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Prosecutors Seek to Deter Gay Panic Defenses for Violent Crimes

Prosecutors said they want to limit the use of "gay panic" defenses — where defendants claim their crimes were justified because of fear or anger over their victims' sexual orientation.

"The suggestion that criminal conduct is mitigated by bias or prejudice is inappropriate," said San Francisco District Attorney Kamala Harris, who organized a two-day national conference on the issue. "We can't outlaw it, but we can combat it."

Lawmakers in California and New York are considering bills to deter the common courtroom strategy of making a victim's sexual orientation central to a criminal defense.

Both measures would require judges to remind jurors that bias toward the victim cannot influence their deliberations.

California's bill also would instruct juries that gay panic defenses are inconsistent with state laws protecting gays, lesbians and transgenders from discrimination.

It was prompted by the murder of 17-year-old Gwen Araujo, a transgender teenager who was beaten and strangled in 2002 after two men with whom she'd had anal sex learned she was biologically male.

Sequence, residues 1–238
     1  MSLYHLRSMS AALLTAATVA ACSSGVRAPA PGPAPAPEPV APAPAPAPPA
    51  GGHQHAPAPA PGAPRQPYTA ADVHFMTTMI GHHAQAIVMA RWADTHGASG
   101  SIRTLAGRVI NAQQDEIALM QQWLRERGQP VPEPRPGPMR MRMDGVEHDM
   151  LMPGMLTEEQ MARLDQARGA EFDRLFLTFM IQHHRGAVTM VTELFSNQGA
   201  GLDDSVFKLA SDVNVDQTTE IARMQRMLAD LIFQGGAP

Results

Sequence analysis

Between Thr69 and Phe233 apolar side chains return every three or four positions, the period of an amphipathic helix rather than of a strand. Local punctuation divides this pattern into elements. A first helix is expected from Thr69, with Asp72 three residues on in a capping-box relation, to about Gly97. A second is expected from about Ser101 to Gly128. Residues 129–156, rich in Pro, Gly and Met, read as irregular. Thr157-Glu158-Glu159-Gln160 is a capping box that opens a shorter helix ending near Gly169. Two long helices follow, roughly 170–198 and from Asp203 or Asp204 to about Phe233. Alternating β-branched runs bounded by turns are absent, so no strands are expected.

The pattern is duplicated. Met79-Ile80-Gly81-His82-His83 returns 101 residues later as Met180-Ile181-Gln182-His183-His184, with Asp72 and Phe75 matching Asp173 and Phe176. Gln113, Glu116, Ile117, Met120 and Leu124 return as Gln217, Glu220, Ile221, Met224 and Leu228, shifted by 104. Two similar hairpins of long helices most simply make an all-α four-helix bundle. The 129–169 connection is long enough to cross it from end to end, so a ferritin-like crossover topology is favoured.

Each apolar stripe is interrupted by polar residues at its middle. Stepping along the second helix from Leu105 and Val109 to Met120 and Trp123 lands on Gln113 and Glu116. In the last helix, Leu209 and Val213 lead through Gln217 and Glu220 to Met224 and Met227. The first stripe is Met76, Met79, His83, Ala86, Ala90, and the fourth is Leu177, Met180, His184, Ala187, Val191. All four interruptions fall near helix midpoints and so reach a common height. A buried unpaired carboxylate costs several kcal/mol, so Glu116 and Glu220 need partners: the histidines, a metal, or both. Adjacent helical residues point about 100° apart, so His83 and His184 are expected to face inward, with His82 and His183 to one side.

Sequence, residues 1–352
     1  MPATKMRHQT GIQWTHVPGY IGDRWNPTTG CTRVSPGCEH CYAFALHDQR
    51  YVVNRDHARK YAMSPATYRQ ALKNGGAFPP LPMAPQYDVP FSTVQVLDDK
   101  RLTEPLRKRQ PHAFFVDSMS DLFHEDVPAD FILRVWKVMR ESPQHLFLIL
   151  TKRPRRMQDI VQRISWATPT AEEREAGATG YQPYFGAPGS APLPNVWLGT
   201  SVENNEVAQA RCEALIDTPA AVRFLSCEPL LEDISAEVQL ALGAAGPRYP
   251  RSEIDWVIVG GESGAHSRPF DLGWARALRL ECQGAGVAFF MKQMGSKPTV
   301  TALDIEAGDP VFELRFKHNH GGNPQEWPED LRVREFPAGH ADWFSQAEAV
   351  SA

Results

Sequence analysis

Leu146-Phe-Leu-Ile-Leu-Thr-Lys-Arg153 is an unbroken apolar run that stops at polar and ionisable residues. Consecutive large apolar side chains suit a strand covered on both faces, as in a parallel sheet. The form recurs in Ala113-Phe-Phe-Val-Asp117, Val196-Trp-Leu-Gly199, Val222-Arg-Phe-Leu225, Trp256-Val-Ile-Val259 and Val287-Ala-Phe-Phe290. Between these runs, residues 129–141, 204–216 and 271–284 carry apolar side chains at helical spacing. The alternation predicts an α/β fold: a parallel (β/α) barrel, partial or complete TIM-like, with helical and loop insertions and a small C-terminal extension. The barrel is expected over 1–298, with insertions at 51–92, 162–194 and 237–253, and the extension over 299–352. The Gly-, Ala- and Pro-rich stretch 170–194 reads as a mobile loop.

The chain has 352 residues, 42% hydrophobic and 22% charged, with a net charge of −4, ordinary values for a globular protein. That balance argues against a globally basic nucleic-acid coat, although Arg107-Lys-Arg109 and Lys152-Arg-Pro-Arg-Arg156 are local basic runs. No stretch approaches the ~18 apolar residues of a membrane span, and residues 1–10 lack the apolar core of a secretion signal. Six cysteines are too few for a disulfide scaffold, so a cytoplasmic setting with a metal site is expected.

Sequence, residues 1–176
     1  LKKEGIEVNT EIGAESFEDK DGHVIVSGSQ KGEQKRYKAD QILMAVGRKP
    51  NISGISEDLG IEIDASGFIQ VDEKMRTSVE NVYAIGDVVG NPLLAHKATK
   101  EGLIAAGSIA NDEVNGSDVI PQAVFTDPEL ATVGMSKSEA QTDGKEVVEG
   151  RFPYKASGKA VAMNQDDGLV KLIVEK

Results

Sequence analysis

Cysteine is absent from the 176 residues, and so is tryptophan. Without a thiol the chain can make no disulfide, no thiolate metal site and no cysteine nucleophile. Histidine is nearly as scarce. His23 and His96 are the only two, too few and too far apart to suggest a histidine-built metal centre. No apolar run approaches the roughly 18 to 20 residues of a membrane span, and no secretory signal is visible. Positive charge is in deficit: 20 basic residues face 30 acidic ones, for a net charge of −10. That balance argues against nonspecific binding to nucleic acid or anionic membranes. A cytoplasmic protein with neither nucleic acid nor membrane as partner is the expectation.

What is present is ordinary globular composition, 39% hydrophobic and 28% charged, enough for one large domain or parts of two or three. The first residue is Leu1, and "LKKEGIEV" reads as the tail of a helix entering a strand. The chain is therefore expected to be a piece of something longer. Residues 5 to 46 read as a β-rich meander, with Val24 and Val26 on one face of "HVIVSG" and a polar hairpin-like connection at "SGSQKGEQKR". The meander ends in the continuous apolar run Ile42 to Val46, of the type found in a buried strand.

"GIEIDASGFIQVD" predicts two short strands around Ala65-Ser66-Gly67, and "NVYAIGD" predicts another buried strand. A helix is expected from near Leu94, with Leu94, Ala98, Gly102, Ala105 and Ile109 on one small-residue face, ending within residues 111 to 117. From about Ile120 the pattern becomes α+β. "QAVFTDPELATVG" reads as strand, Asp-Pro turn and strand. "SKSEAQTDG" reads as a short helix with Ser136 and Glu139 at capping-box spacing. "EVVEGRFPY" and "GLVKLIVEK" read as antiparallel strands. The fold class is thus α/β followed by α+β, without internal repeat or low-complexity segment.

At Thursday's conference, the prosecutor who won second-degree murder verdicts in that case agreed and expressed skepticism that new laws are the answer.

"Gwen being transgender was not a provocative act. It's who she was," said Alameda County Assistant District Attorney Chris Lamiero.

"However, I would not further ignore the reality that Gwen made some decisions in her relation with these defendants that were impossible to defend," he added. "I don't think most jurors are going to think it's OK to engage someone in sexual activity knowing they assume you have one sexual anatomy when you don't."

Two defense lawyers who used their clients' rage at discovering the truth about Araujo as part of their defense agreed that the issue is too complicated to be legislated.

Other conference participants suggested different strategies for defusing defense arguments that play on negative public attitudes toward homosexuality.

Cynthia Lee, a professor at the George Washington University School of Law, said prosecutors could ask the jury to imagine whether they would render the same verdict if the suspect were gay and the victim straight.

Angela Harris, a professor at the University of California, Berkeley's Boalt Hall School of Law, said that while laws barring certain defense claims would be helpful, the use of panic defenses would naturally lose their effectiveness as society becomes more accepting of gays.